5. PAMPER YOUR TOOTSIES
Part of the discomfort can be prevented before or alleviated after the duration of your shoe session. Of you tend to have sweaty feet that slide in your shoe, try rubbing foot powder all over your foot, or even rubbing deodorant on your feet before you slide your heels on. Or, try soaking them in a a cool green tea foot bath for 15 minutes before you wear your heels. You can also take a mild pain reliever or anti-inflammatory (like turmeric or arnica) before long periods of standing or walking to help with discomfort and swelling. Afterwards, treat your feet to a peppermint essential oil foot soak or lotion, arnica gel, or even a magnesium oil spray all over your feet, ankles, and calves.
6. CREATE STABILITY
Believe it or not, a majority of your foot issues can come from muscular weaknesses and imbalances, incorrect joint positioning, or improper mobility and stability. My recommendation would be to see a physical therapist to pinpoint the direct issue (Check out ClinicalAthlete.com to find a sports performance oriented expert near you!) as there can be a hidden greater cause. If you don’t believe that you have any sort of structural or muscular imbalance, just about anyone can benefits from these exercises and stretches to help your lower half adjust to wearing high heels more often.
-Do your “ABC’s” with your toe to loosen your ankles
-Tree Pose (Yoga) Balance on one foot for 30 seconds with good posture
-Bodyweight Standing Calf Raises with 3 foot positions (Neutral, internally “toes in”, then externally “toes out” rotated)
-Tibialis Toe Raise (Bring toe toward shin for repeated reps)
-Seated Stretch (Toes under, then Toes pointed)
-Banded stretch (Lie on your back with both legs straight. Raise one leg toward the ceiling, and loop an exercise band around the middle of your foot, then pull band and toe toward the ground.)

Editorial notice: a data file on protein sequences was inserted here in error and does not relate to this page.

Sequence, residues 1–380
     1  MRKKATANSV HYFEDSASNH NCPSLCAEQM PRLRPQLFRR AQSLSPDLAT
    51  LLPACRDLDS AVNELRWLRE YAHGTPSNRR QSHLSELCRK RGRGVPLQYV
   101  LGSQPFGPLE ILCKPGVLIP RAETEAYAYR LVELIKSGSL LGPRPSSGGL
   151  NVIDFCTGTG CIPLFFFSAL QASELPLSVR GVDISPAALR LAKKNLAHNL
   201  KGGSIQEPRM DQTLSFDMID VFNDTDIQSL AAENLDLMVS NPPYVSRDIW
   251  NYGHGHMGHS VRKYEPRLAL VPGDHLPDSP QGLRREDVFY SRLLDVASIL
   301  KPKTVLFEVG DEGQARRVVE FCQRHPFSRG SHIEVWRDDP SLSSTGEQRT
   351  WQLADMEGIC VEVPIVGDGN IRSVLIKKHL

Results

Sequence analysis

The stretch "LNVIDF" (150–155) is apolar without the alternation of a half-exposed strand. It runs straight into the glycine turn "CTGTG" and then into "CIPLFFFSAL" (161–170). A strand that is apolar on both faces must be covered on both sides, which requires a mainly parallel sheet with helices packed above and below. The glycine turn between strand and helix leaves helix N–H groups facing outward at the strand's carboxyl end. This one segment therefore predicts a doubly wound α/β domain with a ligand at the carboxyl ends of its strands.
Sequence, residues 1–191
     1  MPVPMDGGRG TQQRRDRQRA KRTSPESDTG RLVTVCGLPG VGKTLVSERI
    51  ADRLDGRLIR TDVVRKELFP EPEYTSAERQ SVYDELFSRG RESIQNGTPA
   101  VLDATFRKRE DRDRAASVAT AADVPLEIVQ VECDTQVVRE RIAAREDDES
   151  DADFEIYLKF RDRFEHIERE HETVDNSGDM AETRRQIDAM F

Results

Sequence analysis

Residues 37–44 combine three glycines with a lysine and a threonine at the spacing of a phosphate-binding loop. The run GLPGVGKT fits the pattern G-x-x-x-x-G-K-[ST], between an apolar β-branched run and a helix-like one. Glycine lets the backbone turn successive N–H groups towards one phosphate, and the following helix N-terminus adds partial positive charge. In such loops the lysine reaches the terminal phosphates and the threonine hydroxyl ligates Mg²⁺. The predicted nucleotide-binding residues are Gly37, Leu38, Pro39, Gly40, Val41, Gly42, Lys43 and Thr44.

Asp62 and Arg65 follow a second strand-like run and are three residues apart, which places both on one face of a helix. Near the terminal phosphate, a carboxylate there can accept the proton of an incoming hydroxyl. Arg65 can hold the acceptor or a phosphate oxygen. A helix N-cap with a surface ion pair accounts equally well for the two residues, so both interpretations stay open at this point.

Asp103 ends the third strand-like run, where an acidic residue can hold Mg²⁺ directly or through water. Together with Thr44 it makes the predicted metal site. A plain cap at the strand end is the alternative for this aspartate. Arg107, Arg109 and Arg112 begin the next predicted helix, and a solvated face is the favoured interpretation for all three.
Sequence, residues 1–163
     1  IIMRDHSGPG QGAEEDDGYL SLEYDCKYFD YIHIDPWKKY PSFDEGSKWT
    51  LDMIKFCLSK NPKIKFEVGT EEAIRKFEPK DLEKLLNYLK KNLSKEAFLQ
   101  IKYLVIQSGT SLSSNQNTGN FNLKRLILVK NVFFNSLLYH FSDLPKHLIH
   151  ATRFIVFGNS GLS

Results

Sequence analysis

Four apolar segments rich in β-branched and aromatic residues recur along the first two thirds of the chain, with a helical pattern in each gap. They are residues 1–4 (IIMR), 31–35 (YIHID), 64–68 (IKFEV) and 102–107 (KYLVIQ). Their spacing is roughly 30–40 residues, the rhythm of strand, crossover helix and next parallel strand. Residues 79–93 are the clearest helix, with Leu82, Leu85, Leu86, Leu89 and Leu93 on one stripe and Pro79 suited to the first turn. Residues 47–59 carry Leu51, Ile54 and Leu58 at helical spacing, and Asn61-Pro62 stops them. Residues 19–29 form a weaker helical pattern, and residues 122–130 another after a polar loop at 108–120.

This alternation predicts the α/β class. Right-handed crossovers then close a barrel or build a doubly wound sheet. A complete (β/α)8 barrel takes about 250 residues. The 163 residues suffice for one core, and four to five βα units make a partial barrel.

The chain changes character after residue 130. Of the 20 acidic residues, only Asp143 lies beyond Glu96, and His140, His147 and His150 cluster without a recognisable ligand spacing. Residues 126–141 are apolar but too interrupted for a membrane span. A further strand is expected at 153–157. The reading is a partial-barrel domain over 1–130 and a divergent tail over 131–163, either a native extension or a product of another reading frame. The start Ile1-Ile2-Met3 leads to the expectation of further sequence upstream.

-Band Inversion/Eversion (Sit with your leg extended out in front of you. Loop a resistance band around the middle of your foot, and the other end to an attachment at your side. Take your toes in the opposite direction. If your band is anchored to the right, you will the left, and vise versa.
Now, where do you buy your shoes and what style do you get?
NPC and IFBB organization competitions recommend clear heels with minimal color. A little silver is fine, but don’t go crazy with colors or rhinestones across the foot on the sole/heel. An optional ankle strap is okay, but would preferably be clear. Heel height should be 4-5” tall, with a toe platform no higher than 1”. Any shorter can make your walk and stances look less than stellar, and any taller can be a distraction from or distort your physique from the judges’ view. You can find clear heels online at amazon.com, or you can find them at many adult stores. There is also a brand that has molded insoles to help with ball of foot comfort and arch support called The Highest Heel!
Regardless of what style you choose, just be sure to PRACTICE PRACTICE PRACTICE in them as often as you can, and wear them until you’ve mastered the art of walking in high heels (or at least faking it for stage time.)